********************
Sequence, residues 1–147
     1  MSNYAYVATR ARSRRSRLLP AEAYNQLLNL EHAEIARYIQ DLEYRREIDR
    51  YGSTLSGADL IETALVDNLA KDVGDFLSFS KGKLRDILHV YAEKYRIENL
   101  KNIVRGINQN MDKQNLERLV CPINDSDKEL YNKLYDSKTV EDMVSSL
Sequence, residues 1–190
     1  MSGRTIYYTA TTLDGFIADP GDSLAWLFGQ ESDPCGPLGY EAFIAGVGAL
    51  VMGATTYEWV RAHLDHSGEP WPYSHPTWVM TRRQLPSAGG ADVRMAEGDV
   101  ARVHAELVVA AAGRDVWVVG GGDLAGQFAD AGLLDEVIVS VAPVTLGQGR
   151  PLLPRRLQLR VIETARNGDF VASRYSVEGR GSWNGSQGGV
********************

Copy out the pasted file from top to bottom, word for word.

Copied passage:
Sequence, residues 1–147
     1  MSNYAYVATR ARSRRSRLLP AEAYNQLLNL EHAEIARYIQ DLEYRREIDR
    51  YGSTLSGADL IETALVDNLA KDVGDFLSFS KGKLRDILHV YAEKYRIENL
   101  KNIVRGINQN MDKQNLERLV CPINDSDKEL YNKLYDSKTV EDMVSSL
Sequence, residues 1–190
     1  MSGRTIYYTA TTLDGFIADP GDSLAWLFGQ ESDPCGPLGY EAFIAGVGAL
    51  VMGATTYEWV RAHLDHSGEP WPYSHPTWVM TRRQLPSAGG ADVRMAEGDV
   101  ARVHAELVVA AAGRDVWVVG GGDLAGQFAD AGLLDEVIVS VAPVTLGQGR
   151  PLLPRRLQLR VIETARNGDF VASRYSVEGR GSWNGSQGGV